The second novel in Amelia Atwater-Rhodes’s dazzling Mancer trilogy, Of the Divine takes place seventy-one years before the events of Of the Abyss, in a world where sorcery is still practiced freely—but at what cost?
Henna’s runes tell her that the future of Kavet is balanced on the edge of the knife. One of the most powerful sorcerers in the Order of Napthol, she is well-respected for her second sight. But the fragments she sees this time—blood, darkness, destruction—leave her unsure how to set the country and her lover, Verte, prince of Kavet, on the correct course.
Meanwhile, the treaties between Kavet and the dragon-like race known as the Osei have become intolerable. The time has come for the royal house to wield their unique magic to challenge Osei dominion, with Prince Verte serving as the nexus for the powerful but dangerous spell, and Naples, an untested young sorcerer from the Order of Napthol, a volatile but critical support to its creation.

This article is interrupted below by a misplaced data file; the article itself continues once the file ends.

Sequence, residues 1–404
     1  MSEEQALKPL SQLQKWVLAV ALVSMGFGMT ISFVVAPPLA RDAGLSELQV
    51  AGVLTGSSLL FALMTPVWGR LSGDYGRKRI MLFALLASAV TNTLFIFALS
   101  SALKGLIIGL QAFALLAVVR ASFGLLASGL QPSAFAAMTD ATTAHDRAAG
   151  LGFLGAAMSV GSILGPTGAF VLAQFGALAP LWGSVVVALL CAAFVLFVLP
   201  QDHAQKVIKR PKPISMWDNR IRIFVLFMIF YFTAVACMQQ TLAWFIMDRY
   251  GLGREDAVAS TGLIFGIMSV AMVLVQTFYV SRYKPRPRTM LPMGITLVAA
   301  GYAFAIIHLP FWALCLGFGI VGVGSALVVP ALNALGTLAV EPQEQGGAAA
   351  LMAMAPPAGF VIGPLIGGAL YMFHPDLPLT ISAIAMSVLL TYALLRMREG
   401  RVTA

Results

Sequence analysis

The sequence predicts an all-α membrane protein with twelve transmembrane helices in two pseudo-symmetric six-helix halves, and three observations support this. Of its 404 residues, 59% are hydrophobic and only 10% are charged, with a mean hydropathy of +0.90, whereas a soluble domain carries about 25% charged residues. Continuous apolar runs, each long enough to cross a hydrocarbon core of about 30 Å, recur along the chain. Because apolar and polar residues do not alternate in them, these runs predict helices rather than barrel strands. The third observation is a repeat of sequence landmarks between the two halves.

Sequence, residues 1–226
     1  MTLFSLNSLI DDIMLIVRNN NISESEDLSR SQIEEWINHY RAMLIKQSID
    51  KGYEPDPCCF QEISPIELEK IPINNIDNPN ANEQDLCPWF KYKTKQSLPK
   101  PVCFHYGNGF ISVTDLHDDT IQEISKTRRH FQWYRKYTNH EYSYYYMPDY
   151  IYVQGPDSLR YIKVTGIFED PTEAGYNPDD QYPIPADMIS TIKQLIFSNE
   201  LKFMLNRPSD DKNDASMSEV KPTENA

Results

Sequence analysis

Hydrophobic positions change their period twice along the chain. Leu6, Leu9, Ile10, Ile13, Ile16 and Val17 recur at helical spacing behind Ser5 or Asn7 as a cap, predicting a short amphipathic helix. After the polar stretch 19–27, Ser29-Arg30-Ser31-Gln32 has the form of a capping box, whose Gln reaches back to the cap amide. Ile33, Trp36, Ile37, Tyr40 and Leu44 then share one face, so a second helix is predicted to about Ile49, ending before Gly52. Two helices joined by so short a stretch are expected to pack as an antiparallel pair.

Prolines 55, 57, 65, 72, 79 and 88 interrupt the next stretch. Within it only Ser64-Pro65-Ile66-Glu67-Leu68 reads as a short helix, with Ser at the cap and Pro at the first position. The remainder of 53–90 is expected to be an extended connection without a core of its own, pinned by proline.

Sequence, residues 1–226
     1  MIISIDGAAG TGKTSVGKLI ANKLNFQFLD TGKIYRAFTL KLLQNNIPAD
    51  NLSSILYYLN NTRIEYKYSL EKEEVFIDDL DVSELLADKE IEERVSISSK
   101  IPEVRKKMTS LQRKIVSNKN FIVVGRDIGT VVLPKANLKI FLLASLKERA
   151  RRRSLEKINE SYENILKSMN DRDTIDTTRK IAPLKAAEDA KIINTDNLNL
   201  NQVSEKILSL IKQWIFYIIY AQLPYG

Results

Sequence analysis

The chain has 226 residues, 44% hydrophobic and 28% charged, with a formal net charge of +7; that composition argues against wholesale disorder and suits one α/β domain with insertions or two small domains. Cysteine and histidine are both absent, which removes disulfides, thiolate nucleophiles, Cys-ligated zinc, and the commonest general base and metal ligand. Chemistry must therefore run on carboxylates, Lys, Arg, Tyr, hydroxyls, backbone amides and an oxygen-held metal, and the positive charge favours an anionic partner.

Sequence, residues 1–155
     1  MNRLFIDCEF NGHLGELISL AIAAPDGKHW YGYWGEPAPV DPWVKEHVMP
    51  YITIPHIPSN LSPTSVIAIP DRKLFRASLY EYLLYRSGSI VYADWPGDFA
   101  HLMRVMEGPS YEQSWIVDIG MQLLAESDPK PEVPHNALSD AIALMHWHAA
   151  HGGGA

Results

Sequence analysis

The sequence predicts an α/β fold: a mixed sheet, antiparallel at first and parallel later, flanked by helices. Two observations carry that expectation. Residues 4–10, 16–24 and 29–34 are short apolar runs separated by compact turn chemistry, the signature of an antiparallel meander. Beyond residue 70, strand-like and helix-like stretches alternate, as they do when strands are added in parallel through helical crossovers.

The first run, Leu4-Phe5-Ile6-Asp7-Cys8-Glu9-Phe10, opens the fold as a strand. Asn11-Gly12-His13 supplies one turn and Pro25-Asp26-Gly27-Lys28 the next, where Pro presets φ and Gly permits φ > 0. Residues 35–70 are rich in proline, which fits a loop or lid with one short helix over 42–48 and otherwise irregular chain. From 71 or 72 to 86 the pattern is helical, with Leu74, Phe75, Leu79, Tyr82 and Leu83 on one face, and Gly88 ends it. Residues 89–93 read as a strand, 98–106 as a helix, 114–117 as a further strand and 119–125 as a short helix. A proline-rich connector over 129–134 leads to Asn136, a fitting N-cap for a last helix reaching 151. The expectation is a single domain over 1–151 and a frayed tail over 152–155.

Amid these plans, Dahlia Indathrone’s arrival in the city shouldn’t matter. She has no magic and no royal lineage, and yet, Henna immediately knows the young woman is important. She just can’t see why. And no vision could prepare her for the role Dahlia will come to play.
In Of the Divine, the lives of Henna, Verte, Naples, and Dahlia become irrevocably linked, setting them, and all Kavet, on a perilous path. As they struggle to survive, they learn that they are but pawns in a larger game, one played by the forces of the Abyss and of the Numen—the infernal and the divine. A game no mortal can ever hope to win.